PDGF is a co-factor with vascular endothelial growth factor (VEGF) for stable angiogenesis [1]. It is chemotactic and mitogenic for bone cells, mesenchymal stem cells, ligament, dermal fibroblasts, and fibroblast-like cells derived from the periodontal ligament and gingiva [24]. PDGF-BB is the most widely understood and utilized isoform for wound healing applications, and it has been reported to stimulate and enhance new tissue formation in both bone and soft tissue models [58]. Inasmuch as PDGF-BB is a universal ligand for the PDGF receptor, it has achieved moderate commercial success as a component of Regranex, a carboxymethylcellulose (CMC) gel formulation of 100μg/ml rhPDGF-BB (for simplicity referred to as PDGF). Due to the bolus release of PDGF from the CMC gel, this topical agent, which is approved for treatment of diabetic foot ulcers, must be applied daily or more frequently at high concentrations. In contrast, preclinical studies have shown that a sustained release of PDGF enhances cellular infiltration and new tissue formation relative to a bolus release. In a mid-sagittal dorsal incision model in the rat, a nearly linear sustained release (e.g., up to 14 days) of PDGF from nanofibrous scaffolds [9] was reported to enhance new tissue formation at days 7 and 14 [8], while a bolus release (e.g., complete release after 4h) had a negligible effect [8, 10]. Likewise, gene delivery of PDGF has produced positive effects by sustained, low level release [11].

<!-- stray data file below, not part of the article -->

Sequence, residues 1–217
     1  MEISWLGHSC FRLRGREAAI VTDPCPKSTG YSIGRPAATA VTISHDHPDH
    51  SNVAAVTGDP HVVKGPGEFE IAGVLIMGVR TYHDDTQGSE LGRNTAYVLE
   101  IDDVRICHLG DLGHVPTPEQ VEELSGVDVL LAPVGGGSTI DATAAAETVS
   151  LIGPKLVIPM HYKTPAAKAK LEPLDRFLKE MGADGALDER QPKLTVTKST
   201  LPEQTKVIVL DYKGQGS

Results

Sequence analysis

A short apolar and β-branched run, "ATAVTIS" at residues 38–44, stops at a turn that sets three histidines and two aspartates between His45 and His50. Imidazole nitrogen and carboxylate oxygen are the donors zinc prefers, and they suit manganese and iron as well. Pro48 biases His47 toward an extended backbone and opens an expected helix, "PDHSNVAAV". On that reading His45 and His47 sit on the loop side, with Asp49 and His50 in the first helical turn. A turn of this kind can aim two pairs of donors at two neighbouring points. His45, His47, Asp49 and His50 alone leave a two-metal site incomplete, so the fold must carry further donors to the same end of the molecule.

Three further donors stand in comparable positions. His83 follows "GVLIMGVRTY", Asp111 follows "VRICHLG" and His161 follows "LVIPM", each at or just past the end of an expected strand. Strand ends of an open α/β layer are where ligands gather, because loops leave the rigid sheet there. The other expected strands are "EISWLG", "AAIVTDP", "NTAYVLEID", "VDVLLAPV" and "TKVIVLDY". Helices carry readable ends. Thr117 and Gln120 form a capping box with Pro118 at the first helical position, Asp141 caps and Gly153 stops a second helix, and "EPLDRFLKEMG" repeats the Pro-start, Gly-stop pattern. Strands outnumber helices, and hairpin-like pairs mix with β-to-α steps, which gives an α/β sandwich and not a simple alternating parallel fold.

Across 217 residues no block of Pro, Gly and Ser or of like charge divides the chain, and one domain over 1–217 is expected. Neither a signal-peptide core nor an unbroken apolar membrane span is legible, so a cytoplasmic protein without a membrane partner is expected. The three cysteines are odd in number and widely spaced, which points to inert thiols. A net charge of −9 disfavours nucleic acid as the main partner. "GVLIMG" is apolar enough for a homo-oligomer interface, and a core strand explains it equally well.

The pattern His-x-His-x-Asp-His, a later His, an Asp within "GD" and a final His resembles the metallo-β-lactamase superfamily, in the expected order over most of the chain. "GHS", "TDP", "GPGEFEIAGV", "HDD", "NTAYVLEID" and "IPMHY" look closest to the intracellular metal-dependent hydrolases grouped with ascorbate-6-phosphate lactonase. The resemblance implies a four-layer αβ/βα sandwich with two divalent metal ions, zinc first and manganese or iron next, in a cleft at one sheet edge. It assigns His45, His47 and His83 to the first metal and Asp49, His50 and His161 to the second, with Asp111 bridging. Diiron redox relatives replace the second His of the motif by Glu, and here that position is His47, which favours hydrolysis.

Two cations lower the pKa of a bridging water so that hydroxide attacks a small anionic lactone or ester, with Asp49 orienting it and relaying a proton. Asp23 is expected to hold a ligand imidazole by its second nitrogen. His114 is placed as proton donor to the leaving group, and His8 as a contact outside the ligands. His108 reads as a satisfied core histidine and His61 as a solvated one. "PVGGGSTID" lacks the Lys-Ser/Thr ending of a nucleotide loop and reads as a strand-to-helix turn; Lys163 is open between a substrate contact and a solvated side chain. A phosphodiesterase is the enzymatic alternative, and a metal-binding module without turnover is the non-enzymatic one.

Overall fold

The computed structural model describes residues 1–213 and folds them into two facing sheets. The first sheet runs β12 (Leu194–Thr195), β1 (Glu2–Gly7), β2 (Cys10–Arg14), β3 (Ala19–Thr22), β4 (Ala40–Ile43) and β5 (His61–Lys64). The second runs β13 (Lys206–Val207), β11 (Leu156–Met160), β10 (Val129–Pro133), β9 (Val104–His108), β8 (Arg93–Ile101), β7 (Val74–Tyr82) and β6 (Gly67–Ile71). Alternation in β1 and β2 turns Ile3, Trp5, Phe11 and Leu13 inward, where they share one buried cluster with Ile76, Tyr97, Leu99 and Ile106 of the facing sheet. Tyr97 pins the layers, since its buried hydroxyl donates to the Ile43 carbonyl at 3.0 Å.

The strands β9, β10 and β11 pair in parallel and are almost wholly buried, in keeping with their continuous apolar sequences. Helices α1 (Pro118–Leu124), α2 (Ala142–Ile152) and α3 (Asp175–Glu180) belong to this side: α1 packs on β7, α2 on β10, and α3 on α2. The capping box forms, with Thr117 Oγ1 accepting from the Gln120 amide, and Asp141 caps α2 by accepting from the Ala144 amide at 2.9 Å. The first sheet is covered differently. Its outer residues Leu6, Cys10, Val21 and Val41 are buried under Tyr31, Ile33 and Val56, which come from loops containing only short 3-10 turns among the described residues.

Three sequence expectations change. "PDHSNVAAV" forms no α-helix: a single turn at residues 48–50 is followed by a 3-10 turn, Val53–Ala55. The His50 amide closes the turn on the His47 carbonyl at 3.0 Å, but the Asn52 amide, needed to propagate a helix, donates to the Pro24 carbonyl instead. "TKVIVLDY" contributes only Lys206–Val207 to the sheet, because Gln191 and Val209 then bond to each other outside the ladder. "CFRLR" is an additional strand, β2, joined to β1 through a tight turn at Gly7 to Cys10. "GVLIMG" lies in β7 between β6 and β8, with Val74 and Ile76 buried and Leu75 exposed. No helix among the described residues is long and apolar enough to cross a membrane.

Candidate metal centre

To address the clinical need for an improved delivery device for sustained release of PDGF, we are investigating the potential of polyurethane (PUR) scaffolds. Porous, biodegradable, and biocompatible PUR scaffolds have been reported to support cellular infiltration and new tissue formation in sub-cutaneous [1215], cardiovascular [16, 17], and bone models [18, 19]. Furthermore, these materials have been shown to biodegrade at a controlled rate to nontoxic products in vitro [16, 17, 20, 21] and in vivo [1416, 22] to non-cytotoxic decomposition products. In addition to its function as a matrix supporting the ingrowth of cells and new tissue, the PUR scaffold can also function as a drug delivery system [23, 24]. Biodegradable PUR scaffolds have been used for controlled release of growth factors such as bFGF [25] and PDGF-BB [12]. A distinct advantage of polyurethane scaffolds is the potential to inject the materials as a reactive liquid mixture which adheres to host tissue, conforms and expands to fill irregularly shaped wounds, and cures in situ to form an elastic porous scaffold [12, 26]. A polyisocyanate (or NCO-terminated prepolymer) mixed with a polyol (hydroxyl functionality) reacts to form a polymer network incorporating urethane linkages. Water reacts with the polyisocyanate to form a disubstituted urea and carbon dioxide, which functions as a blowing agent, thereby introducing pores into the material.